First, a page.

June 3, 2010


The ugly truth about the beautiful game: When South Africa was chosen to host the 2010 World Cup, it was hailed as a chance to 'give something back' to Africa. But, as Alex Duval Smith reports, the biggest event on Earth will do little for the planet's poorest people (Alex Duval Smith, 6/03/10, Independent)

Heralded as a historic turning point for an unlucky continent, Africa's first-ever World Cup – which kicks off in Johannesburg next Friday – increasingly looks like the playground for the rich that its critics decry. As final preparations are made in the host cities to welcome some of the world's most famous, and most well-paid, sportsmen, tangible benefits elsewhere in Africa from the world's biggest sporting event look as elusive as ever.

Under strict bylaws enforced at the insistence of football's governing body, informal traders – a crucial part of any African economy – have been banned around the 10 stadiums where matches will be played. Even the future of the most important legacy project of the tournament – public bus transport – is in the balance, amid government reticence to stand up to South Africa's powerful minibus-taxi industry. Sepp Blatter, the president of Fifa, which expects to earn more than £3bn from sponsorship and television rights, has insisted that the event is about "giving back to Africa what the continent has given world football" through its players. The organisation points to the 20 "centres for hope" – football academies – that it will build.

But radical Sowetan columnist Andile Mngxitama said all Fifa is giving Africa is a month-long feel-good episode which will do little, long-term, to change perceptions or economic realities.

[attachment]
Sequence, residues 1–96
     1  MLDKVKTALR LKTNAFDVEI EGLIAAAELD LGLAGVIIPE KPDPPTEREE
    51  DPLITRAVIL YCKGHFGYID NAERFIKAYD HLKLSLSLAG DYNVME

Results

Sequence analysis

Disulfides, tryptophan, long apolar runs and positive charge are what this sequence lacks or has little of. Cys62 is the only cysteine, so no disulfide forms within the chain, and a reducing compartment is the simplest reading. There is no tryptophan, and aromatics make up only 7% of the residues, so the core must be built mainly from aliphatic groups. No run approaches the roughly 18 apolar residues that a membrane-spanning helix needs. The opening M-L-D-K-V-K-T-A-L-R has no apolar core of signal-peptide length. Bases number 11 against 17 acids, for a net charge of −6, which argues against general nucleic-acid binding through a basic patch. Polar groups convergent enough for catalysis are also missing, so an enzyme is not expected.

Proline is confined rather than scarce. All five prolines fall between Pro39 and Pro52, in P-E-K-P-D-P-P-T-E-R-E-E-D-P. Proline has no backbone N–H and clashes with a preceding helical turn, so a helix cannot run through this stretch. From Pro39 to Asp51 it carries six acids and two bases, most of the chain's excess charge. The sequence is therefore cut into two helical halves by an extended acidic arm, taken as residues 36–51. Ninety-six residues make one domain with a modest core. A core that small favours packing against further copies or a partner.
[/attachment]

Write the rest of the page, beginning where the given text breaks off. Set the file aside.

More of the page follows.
In Soccernomics, Simon Kuper and his coauthor spell out why hosting sports teams and events isn't the bonanza that supporters claim, World Cup drains host city’s coffers, experts say (AP, Dec . 2, 2009)
Prepare to be disappointed, South Africans. One of the world's leading sports economists says you're not going to get rich hosting next year's World Cup.

There'll be no economic bonanza, according to a new book, and if experience matches the last World Cup in Germany, spending by visitors will be much less than the South African government shelled out preparing for the tournament.

"The next World Cup will not be an airplane dropping dollars on South Africa," authors Stefan Szymanski and Simon Kuper write in the book "Soccernomics." [...]

Using data analysis, history and psychology, the book debunks dozens of myths about what it takes to win, and who makes money in football - and in sports in general.

"The problem for South Africa is that they have to spend quite a lot to build stadiums," Szymanski said in a telephone interview from London. "Germany could afford this, and it had stadiums anyway. But South Africa is a nation that can ill afford to fritter away a few billion on white elephants."

Following the 2002 World Cup, for instance, South Korea's K-League had difficulties filling the 10 new stadiums built for the tournament at a cost of more than $2 billion.

World Cup can boost morale, image; not coffers
The book's argument is that hosting a World Cup or Olympics is an inefficient way to revitalize a city, or enrich a nation - especially one like South Africa, where a third of the population lives on under $2 a day. It can boost a nation's morale or image, but not much else.

"If you want to regenerate a poor neighborhood, regenerate it," Szymanski and Kuper write. "If you want an Olympic pool and a warm-up track, build them. You could build pools and tracks all across London, and it would still be cheaper than hosting the Olympics."

However, they also note that it does boost gross national Happiness, which is all the rage these days on the Left. There is presumably a fair bit of overlap between folks who are enamored of this new measure of wealth and those who tend to oppose sports franchises and their stadia.

Posted by Orrin Judd at June 3, 2010 6:15 AM
blog comments powered by Disqus